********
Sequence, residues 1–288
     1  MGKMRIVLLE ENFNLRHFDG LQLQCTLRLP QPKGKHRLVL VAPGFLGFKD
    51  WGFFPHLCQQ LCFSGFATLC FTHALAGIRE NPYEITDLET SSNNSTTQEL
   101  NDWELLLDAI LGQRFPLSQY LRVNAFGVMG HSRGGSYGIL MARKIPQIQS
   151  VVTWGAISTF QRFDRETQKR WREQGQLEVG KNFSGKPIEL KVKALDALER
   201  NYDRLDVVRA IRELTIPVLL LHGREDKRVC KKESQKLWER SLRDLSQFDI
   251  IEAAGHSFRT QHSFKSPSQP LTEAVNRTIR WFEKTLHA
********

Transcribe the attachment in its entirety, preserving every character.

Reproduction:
Sequence, residues 1–288
     1  MGKMRIVLLE ENFNLRHFDG LQLQCTLRLP QPKGKHRLVL VAPGFLGFKD
    51  WGFFPHLCQQ LCFSGFATLC FTHALAGIRE NPYEITDLET SSNNSTTQEL
   101  NDWELLLDAI LGQRFPLSQY LRVNAFGVMG HSRGGSYGIL MARKIPQIQS
   151  VVTWGAISTF QRFDRETQKR WREQGQLEVG KNFSGKPIEL KVKALDALER
   201  NYDRLDVVRA IRELTIPVLL LHGREDKRVC KKESQKLWER SLRDLSQFDI
   251  IEAAGHSFRT QHSFKSPSQP LTEAVNRTIR WFEKTLHA